Pubdate: Mon, 12 Feb 2001
Source: Herald American (NY)
Copyright: 2001, Syracuse Herald American
Contact:  P.O. Box 4915, Syracuse, N.Y. 13221-4915
Authors: Duane Hardy, Larry Seguin . The Rev. Jack Wilkinson


To the Editor:

A few months ago, our Congress appropriated $1.3 billion to be delivered to 
Colombia in connection with the "war on drugs."

Almost immediately, I began to notice small items in our papers reporting 
the shooting of groups of people, randomly, in their yards and other 
village settings, carried out by military or paramilitary personnel. There 
was no mention of any connection the victims had to any phase of the drug 
trade. Colombia is not an unstable country. It is a nation with important 
connections to world trade, with ports on both the Caribbean Sea and the 
Pacific Ocean, and with oil and other rich resources. It has its own 
internal problems of land ownership and distribution of wealth, among 
others. These have been aggravated by our providing a market for drug 
cartels to become almost a kingdom unto themselves.

It seems to me that it is not our right or our duty to try to solve 
Colombia's internal problems, as the $1.3-billion "aid" indicates is our 
intention. Rather it is our responsibility to change our way of handling 
the drug-consumption problem that makes it so profitable to the drug lords 
of Colombia. The movie "Traffic" portrayed the futility of present methods.

New York Gov. George Pataki is suggesting the repeal of some of Nelson 
Rockefeller's draconian sentencing laws. Some states are allotting 
increased funds to treatment centers. More money to Colombia will lead to 
more involvement by our government and more killings in Colombia. There's 
got to be a better way!

Duane Hardy,  East Syracuse  NY

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To the Editor:

Why do we waste so much time on the medical marijuana issue? It seems so 
senseless. Why couldn't cannabis be decriminalized and regulated like alcohol?

Any doctor will tell you that there is no harm in relaxing after work with 
one beer or one glass of wine - it can actually be healthy for you. The 
18th Amendment in 1920 (Prohibition) made alcohol illegal, except within 
the home or for "medical," religious or industrial purposes.

Cannabis contains antioxidants "more powerful than vitamin E or vitamin C," 
according to Dr. Aiden Hampson of the National Institute of Mental Health.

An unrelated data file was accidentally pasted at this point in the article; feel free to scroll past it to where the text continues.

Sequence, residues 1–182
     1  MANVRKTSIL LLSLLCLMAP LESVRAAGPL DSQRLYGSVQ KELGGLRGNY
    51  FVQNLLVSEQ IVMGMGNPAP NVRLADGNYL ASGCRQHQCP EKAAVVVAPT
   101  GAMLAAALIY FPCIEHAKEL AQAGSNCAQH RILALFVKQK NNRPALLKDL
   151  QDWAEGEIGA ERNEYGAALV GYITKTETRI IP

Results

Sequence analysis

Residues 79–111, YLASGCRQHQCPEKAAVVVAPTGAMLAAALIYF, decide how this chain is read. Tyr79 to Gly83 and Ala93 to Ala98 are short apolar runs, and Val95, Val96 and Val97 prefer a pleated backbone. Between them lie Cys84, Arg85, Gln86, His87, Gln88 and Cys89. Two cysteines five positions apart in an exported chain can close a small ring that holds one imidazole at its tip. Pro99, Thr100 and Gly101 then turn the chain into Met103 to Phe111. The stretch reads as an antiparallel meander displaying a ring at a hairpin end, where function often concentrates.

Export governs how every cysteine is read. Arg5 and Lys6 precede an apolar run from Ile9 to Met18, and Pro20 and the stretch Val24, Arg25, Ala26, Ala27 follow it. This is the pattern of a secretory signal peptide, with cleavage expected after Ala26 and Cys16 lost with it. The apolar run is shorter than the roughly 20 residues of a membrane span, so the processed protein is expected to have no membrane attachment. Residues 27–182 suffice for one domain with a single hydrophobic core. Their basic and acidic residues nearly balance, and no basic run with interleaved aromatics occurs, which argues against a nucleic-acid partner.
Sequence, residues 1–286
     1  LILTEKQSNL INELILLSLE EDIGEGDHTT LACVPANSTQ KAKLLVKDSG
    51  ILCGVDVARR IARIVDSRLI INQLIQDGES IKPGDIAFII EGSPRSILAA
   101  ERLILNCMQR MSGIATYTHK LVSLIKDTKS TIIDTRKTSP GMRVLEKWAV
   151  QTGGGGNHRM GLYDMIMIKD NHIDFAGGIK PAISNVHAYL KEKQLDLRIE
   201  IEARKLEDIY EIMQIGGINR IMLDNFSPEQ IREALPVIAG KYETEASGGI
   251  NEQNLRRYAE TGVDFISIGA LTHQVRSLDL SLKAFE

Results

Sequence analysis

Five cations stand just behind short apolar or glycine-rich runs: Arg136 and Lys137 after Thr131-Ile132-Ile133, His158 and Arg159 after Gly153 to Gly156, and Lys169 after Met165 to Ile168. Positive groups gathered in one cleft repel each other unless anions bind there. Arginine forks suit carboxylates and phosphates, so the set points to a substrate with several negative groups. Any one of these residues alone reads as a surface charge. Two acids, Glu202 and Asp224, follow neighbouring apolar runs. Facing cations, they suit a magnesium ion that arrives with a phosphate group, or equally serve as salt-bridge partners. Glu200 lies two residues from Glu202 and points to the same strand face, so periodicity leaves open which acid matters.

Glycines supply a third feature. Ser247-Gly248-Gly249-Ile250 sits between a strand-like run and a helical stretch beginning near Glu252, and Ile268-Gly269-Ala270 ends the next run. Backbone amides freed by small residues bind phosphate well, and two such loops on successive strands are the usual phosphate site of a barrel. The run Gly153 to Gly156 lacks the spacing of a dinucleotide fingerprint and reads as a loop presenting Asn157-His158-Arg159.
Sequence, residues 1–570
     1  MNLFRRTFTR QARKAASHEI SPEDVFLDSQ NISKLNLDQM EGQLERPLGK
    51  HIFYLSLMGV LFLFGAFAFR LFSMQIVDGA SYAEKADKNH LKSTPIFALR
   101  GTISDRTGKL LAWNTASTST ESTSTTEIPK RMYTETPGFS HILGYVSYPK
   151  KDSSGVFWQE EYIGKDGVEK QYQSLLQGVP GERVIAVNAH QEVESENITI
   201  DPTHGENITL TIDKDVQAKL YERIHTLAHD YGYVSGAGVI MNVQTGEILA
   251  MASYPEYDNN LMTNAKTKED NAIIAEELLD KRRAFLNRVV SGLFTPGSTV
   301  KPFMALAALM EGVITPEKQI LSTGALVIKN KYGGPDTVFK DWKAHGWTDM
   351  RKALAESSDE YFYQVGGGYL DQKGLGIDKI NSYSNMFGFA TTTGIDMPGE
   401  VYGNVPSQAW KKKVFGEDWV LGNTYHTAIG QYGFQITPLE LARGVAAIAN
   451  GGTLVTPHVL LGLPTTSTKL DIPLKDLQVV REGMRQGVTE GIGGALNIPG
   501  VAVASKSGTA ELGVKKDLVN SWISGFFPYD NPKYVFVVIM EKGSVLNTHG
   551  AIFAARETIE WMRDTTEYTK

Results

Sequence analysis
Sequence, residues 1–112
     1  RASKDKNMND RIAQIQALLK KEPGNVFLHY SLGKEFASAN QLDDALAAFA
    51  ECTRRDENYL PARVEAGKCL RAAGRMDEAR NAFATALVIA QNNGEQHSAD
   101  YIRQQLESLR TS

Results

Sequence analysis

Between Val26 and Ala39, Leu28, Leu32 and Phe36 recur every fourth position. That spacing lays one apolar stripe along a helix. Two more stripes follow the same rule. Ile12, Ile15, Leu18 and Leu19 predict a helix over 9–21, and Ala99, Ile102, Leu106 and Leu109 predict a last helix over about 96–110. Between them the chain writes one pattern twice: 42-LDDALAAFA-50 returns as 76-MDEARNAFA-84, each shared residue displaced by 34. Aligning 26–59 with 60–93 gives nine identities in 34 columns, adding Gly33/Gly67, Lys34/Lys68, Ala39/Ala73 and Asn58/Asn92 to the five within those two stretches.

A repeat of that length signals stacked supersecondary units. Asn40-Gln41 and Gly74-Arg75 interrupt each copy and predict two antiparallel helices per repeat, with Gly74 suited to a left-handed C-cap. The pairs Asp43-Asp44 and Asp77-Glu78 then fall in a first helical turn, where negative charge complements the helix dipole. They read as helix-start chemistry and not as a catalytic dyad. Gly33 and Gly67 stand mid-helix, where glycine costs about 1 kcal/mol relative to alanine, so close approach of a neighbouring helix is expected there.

This is in addition to its well-documented neuro-protective, 
anti-inflammatory and analgesic properties. So why couldn't one joint a day 
to relax with after work be healthy too?

Why couldn't alcohol and cannabis be sold in the same stores, side by side? 
Why not be able to grow your own cannabis? You can manufacture your own 
alcohol. You can legally make 100 gallons per adult, up to two adults per 
household. So it's legal to manufacture and have in your home 200 gallons 
(1,200 pounds) of beer.

It doesn't seem to matter that marijuana is illegal, even with the threat 
of prison people use it recreationally or medically anyway.

We didn't repeal the 18th Amendment on Dec. 5, 1933 so people could use 
alcohol. They were already using alcohol. It was repealed because of the 
crime and corruption it generated.

Larry Seguin , Lisbon  NY

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To the Editor:

Your editorial Jan. 30, entitled "Fighting Drug Abuse," ends with a 
quotation from Edward Jurith, acting director of the White House Office of 
National Drug Control Policy, to wit: "Treatment programs that follow a 
criminal from arrest to post-release follow-up must be implemented to end 
the cycle of drug abuse and crime." My quarrel is with Jurith, not with 
your publication. What he says here is logical only if you accept current 
laws as givens. However, if drugs were legal, there would be no 
drugs-to-crime-to-drugs cycle for the following reasons:

You can't break a law that doesn't exist.

Drugs are no more associated with crime intrinsically than they are with, 
say, going to your job every day. In other words, making drugs illegal 
makes about as much sense as making earning a living illegal. If drugs were 
legal they would be: a) regulated, b) off the street and c) affordable.

Only about 15 percent of drug users need treatment. The rest are merely 
committing radical acts of freedom in protest against stupid drug laws. 
Yes, there is a cycle, but not the one suggested by Jurith. It goes like 
this: Stupid drug laws (cop and crook enrichment) lead to arrest and trial 
(criminal justice attorney enrichment), leading to treatment, whether 
needed or not (health professional enrichment) or to jail 
(prison-industrial-complex enrichment), leading to disenfranchisement 
(white supremacist gratification), leading back to stupid drug laws again.

Well, yeah, let's stop the cycle. Get rid of the stupid drug laws!

The Rev. Jack Wilkinson CNY Chapter president Reconsider, Forum on Drug 
Policy Syracuse ,  NY
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